Keeping up with Illinois HB 1452
Last month, family law lawyer Kelli Gordon was appointed Chair of the Family Law Section Council of the Illinois State Bar Association (ISBA).
This month, in the ISBA Family Law Section newsletter, Kelli brings 33,000 members of the association up to date on HB 1452, the much-discussed overhaul of the Illinois Marriage and Dissolution of Marriage Act. Here’s what she wrote:
You have read a lot about HB1452 in this column over the last couple of years. It is a complete re-write of the Illinois Marriage & Dissolution of Marriage Act. It makes many changes; some significant (like eliminating the terms “joint” and “sole” custody) and some insignificant (like eliminating “grounds” other than irreconcilable differences).
The bill is still in the process of being amended and the Illinois State Bar Association is playing a role in trying to make additional amendments.
I get asked on a weekly basis, “What is the status of that ‘Big Bill’?” So here it is:
The bill passed the House of Representatives on April 10, 2014 with House Amendment 2 and it was sent to the Senate the same day.
Senate Amendment 1 completely deleted and replaced the underlying bill on May 8, 2014.
The bill ended up in the Committee on Assignments at the end of the spring session.
During the fall veto session (November 19 to 21, 2014; December 2 to 4, 2014), the bill will most likely be referred to a substantive committee such as the Judiciary Committee.
It can, and probably will, be amended again by the Judiciary Committee.
If it passes the Judiciary Committee, it will have to be voted up or down by the Senate and sent back to the House for concurrence with any Senate amendments.
If and when the House concurs in any Senate amendments, it will be sent to the Governor.
Within 60 days of being sent the bill, the Governor can sign it as is, make specific changes to it in an amendatory veto that both chambers must accept, veto the whole thing, or do nothing.
If he does nothing, the bill becomes law as a “pocket signature.”
The full text of the bill can be found by going to the Illinois General Assembly Web page, www.ilga.gov and on the left-hand side of the homepage in the search engine insert HB1452. (Hint: download the PDF version; it’s easier to read.)
It is unknown what the bill’s effective date will be, but the best guess is that if it is passed in veto session it will be June 1, 2015.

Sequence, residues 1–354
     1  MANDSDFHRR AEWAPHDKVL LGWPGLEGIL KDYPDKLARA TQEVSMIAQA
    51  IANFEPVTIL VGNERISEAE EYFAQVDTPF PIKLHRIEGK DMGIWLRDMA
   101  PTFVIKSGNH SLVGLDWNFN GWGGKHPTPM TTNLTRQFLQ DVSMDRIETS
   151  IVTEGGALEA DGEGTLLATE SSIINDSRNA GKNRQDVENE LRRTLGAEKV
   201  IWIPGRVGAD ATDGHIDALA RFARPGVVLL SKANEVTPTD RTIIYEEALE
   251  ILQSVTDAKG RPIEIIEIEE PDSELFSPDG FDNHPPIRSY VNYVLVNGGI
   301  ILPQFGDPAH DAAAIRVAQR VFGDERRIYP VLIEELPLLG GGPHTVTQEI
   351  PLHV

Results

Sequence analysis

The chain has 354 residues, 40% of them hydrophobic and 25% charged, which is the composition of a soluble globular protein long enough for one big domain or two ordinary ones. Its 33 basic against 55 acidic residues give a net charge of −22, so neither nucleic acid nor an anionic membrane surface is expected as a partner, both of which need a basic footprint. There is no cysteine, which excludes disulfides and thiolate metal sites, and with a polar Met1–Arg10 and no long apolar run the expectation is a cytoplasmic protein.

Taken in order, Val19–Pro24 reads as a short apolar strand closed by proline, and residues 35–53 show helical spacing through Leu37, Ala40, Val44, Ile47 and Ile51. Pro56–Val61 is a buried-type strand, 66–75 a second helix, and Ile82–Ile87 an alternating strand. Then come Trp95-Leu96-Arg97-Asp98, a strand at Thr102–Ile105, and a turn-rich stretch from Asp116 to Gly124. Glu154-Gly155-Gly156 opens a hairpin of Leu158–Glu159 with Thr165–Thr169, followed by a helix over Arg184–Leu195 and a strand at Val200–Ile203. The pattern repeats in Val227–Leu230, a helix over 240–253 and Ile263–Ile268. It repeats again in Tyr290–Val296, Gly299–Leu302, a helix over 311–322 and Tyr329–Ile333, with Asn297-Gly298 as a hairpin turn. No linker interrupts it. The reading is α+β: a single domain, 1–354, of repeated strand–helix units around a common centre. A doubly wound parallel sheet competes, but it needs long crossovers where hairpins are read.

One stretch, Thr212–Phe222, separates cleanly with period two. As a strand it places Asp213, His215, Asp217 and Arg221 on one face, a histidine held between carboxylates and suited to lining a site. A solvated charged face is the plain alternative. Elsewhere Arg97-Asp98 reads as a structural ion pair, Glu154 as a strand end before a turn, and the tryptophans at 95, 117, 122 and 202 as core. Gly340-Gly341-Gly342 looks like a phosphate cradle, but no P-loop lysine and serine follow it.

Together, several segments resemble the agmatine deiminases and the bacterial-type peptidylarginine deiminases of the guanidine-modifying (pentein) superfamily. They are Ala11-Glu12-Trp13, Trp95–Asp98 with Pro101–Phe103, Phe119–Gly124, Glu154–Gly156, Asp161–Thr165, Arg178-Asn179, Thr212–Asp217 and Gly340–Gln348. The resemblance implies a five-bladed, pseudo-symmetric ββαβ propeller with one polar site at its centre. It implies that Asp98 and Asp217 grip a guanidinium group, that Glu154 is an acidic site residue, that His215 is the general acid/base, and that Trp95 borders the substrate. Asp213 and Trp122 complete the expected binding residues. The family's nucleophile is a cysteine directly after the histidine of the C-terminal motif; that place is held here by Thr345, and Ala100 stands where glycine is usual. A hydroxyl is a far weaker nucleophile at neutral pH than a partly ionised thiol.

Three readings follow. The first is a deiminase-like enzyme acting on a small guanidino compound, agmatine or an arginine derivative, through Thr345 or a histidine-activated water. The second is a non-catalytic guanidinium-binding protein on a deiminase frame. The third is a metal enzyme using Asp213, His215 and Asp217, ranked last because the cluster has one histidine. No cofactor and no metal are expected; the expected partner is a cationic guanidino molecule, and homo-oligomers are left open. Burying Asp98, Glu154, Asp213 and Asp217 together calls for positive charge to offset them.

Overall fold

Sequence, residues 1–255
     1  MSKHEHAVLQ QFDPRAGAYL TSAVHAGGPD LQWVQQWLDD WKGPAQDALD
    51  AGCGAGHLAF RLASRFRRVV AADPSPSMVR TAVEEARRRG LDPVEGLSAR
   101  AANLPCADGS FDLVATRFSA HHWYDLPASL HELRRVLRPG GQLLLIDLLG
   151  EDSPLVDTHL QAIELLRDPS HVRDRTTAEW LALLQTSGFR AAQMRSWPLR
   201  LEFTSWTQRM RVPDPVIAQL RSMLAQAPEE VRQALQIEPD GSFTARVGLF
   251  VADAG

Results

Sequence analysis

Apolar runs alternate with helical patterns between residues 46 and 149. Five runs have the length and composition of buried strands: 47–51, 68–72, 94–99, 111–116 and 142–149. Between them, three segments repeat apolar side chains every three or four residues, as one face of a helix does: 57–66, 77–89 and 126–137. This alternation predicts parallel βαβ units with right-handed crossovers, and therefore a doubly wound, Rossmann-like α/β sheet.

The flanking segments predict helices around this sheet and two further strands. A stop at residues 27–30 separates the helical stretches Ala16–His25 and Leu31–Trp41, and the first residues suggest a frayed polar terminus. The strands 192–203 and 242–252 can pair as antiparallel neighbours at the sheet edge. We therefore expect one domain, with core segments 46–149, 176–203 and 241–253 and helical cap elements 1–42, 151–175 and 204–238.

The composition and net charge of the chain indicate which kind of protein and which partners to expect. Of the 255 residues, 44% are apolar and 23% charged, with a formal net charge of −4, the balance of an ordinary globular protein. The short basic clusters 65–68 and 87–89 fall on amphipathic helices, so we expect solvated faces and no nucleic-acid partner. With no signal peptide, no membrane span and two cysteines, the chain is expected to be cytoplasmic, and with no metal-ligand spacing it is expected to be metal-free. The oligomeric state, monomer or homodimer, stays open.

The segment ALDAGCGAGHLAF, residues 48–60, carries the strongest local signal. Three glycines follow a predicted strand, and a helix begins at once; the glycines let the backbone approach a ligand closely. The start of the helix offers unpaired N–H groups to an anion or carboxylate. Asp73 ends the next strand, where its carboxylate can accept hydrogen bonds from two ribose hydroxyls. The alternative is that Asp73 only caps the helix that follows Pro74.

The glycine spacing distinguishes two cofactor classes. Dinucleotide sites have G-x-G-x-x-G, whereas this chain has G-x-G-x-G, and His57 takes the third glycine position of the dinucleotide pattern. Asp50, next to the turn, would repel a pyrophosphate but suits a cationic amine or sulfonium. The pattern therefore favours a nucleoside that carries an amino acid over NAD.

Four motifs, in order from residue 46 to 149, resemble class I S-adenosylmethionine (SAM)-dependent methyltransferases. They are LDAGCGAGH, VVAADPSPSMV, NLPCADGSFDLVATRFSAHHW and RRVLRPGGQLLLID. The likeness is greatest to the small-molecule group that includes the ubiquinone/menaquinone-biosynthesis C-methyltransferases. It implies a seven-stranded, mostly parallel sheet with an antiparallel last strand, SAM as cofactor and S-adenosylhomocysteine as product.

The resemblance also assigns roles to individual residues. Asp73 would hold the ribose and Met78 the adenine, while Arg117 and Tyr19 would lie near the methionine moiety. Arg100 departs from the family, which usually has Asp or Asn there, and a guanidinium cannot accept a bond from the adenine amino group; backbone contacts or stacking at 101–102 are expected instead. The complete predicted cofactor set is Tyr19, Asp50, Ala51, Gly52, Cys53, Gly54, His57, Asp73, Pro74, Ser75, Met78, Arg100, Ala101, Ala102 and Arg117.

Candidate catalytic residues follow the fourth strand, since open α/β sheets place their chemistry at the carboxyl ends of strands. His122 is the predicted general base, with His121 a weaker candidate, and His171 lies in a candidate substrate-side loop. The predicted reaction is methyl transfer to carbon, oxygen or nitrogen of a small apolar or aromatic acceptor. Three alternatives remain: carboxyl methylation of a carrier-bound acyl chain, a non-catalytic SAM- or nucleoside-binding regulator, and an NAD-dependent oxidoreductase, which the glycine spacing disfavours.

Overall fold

The Family Law Section Council has been working hard this summer to review the bill. As you will recall from Pam Kuzniar’s previous columns, subcommittees have been set up to review specific parts of the bill. The subcommittees then made reports to the council regarding what they approved of, disapproved of, and potential changes to the bill.
Another subcommittee, the “Collating Committee” (William Scott, Matt Kirsh, David Levy, Richard Zuckerman and Jennifer Shaw, as well as Jim Covington) has spent countless hours in reviewing these reports and “word smithing” the bill to present it to the council at our next meeting. From there, the council will vote and a recommendation will be made to the Board of the ISBA.
One of the biggest changes is the repeal of the “removal” statute.
Instead, HB1452 uses the term “relocation,” which is defined as “a change of residence of more than 25 miles for more than 90 days that significantly impairs a parent’s ability to exercise the parental responsibilities that the parent has been exercising or is entitled to exercise under a parenting plan or allocation judgment.”
Therefore, you simply move across a state line and you are still within 25 miles, the statute is not triggered. However, if you are in Central Illinois and you move more than 25 miles (still within Illinois) the statute is triggered. Look for amendments to this section.
Some people have confused HB1452 with other bills that had been drafted last spring.
HB1452 does not presume a 50/50 division of custody.
An earlier version of HB1452 did have an aspirational section that stated that the non-custodial parent should have at least 35% of time with the minor children; however, that section has been eliminated from HB1452.